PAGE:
Pomerol is blessed with a mild maritime climate with drier summers and higher daytime temperatures than experienced in other Bordeaux communes. The risk of frost is very low due to the moderating influences of the Dordogne and Isle rivers.
The soil is a gravelly topsoil with layers of clay and sand with the clay more prevalent in the west and sand more apparent close to Libourne. The subsoil has a high proportion of a ferruginous sandstone called "crasse de fer" by locals.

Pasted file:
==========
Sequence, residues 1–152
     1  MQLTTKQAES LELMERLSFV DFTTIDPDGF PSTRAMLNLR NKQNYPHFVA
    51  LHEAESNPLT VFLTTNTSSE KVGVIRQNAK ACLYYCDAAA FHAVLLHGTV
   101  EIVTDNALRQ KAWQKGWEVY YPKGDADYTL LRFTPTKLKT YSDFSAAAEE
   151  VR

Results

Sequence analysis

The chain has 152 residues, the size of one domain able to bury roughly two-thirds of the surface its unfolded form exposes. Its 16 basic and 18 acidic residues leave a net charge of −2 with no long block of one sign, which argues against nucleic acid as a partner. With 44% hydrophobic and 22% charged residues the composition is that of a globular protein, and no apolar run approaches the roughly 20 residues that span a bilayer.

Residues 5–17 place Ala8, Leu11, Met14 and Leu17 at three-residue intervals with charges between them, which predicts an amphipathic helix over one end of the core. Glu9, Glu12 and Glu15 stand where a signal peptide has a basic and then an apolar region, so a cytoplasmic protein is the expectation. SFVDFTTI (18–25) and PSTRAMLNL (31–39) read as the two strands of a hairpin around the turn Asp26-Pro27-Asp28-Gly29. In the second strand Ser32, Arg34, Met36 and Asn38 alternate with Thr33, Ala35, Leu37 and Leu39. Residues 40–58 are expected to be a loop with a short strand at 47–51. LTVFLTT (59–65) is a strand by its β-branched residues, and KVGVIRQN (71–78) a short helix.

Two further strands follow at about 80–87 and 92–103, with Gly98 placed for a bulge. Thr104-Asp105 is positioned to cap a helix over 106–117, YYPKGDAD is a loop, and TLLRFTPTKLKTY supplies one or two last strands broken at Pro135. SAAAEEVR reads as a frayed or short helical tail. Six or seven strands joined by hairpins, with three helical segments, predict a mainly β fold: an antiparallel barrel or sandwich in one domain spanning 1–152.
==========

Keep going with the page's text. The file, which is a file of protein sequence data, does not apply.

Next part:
The vineyards are planted to Merlot (80%), Cabernet Franc, Cabernet Sauvignon, and a dollop of Malbec. The Pomerol vines were destroyed during the Hundred Years' war but were replanted during the 15th and 16th centuries with the wines gaining acclaim for high quality during the latter half of the 19th century. The current vines are very old and low-yielding. This, coupled with the small surface area available for planting, results in sky-high prices for the wines.